εmax0 ≤ εmax < 0.200.20 ≤ εmax < 0.400.40 ≤ εmax < 0.800.80 ≤ εmax < 1.20εmax ≥ 1.20

10 seismic ground-motion records provided by PEER for IDA analysis were selected [51]. The epicentral distance (Ed) of these records ranges from 11.7 km to 50.9 km, the magnitude () ranges from 6.0 to 7.6, and the original PGA ranges from 0.094 g to 0.714 g, as shown in Table 2.


Sequence numberEarthquakeEdOriginal PGA (g)

1Kobe_Japan49.96.90.094
2Landers50.97.30.117
3San Simeon_CA38.06.50.132
4Duzce_Turkey34.37.10.138
5Chalfont Valley-116.26.00.248
6Cape Mendocino18.57.10.385
7Chalfont Valley-211.76.00.447
8Cape Mendocino13.57.10.591
9Chi-Chi, Taiwan-126.07.60.639 g
10Chi-Chi, Taiwan-218.87.60.724 g

Due to the limited space, the time-history curves of acceleration of the No. 1–No. 3 seismic ground-motion records are listed in Figure 2.

The PGA of each record was adjusted to 0.1 g, 0.2 g, 0.3 g, 0.4 g, 0.5 g, 0.6 g, 0.7 g, 0.8 g, 0.9 g, 1.0 g, 1.1 g, and 1.2 g, respectively [52], and obtained a total of 120 ground-motion records.

2.3. Embankment Seismic Fragility Assessment Results

The 120 seismic ground-motion records were input to the finite difference model shown in Figure 1, and 120 dynamic response analysis was undertaken [53, 54]. εmax of each analysis as well as their mean value and standard deviation was computed, as shown in Table 3. The total energy dissipation of each analysis was also computed, as shown in Figure 3.


PGA (g)εmax
Sequence number of the seismic ground-motion recordsMean valueStandard deviation
No. 1No. 2No. 3No. 4No. 5No. 6No. 7No. 8No. 9No. 10

0.10.07950.07740.07510.06950.07540.06810.06220.05740.07020.06350.06980.0072
0.20.15790.16290.19640.18540.17880.17630.18440.19240.16050.18640.17810.0136
0.30.25490.26780.28450.27890.26570.24580.29870.26970.27840.25670.27010.0156
0.40.35680.34590.41030.37460.44720.35210.38540.40860.37950.41870.38790.0328
0.50.49830.49090.43520.46510.50290.49010.54180.50650.45870.49520.48850.0294
0.60.58680.56980.57170.53290.53240.64870.53490.61730.55510.58370.57330.0381
0.70.79640.75420.77810.70450.79540.77450.75420.72670.75240.78540.76220.0299
0.80.75340.86370.85250.72010.79680.77160.80550.77840.77380.77190.78880.0433
0.90.90271.05870.96270.99840.95780.90570.92540.97420.97811.04850.97120.0535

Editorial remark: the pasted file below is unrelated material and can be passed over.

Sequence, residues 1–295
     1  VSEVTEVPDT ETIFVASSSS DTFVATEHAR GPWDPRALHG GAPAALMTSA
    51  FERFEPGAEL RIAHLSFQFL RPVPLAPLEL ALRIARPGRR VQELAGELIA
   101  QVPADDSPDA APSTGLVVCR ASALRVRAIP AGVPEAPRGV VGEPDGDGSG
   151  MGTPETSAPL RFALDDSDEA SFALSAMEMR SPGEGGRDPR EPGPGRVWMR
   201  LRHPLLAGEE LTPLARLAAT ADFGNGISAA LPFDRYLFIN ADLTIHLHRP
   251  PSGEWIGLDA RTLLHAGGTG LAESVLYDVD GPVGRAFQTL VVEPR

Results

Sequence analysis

1.01.26941.14581.36941.11291.22871.15671.30421.19641.20231.08941.20750.0877
1.11.36951.33841.31451.30751.28271.29841.26451.30641.32751.22871.30380.0393
1.21.58431.41341.54361.57561.51491.50841.43711.62941.55551.51561.52780.0657

The logarithms of the PGA and εmax were taken according to the dynamic response analysis results of the embankment fill-soil foundation system so as to obtain the probabilistic seismic demand model [32, 55, 56], as shown in the following:

Formula (3) was substituted into the classical calculation formula of the seismic fragility to obtain the following:where Pj refers to the exceeding probability of the embankment seismic damage level j and j = 1 represents basically intact, j = 2 represents slight damage, j = 3 represents moderate damage, j = 4 represents severe damage, j = 5 represents destruction, and Sj refers to the structural performance level shown in Table 1, namely, S2 = 0.20 when j = 2, S3 = 0.40 when j = 3, S4 = 0.80 when j = 4, and S5 = 1.20 when j = 5. The embankment seismic fragility curves were plotted according to formula (4), as shown in Figure 4.

The exceeding probability of each seismic damage level of the embankment fill-soil foundation system was calculated according to Figure 4, as shown in Table 4. The exceeding probabilities of the severe damage and destruction are 0.760416 and 0.458867 when PGA = 1.0 g, respectively, which are basically consistent with the survey results of the embankment seismic damage near the epicenter of the Wenchuan earthquake (PGA = 0.977 g) and further show that the embankment seismic fragility assessment method adopted in this paper is scientific and rational.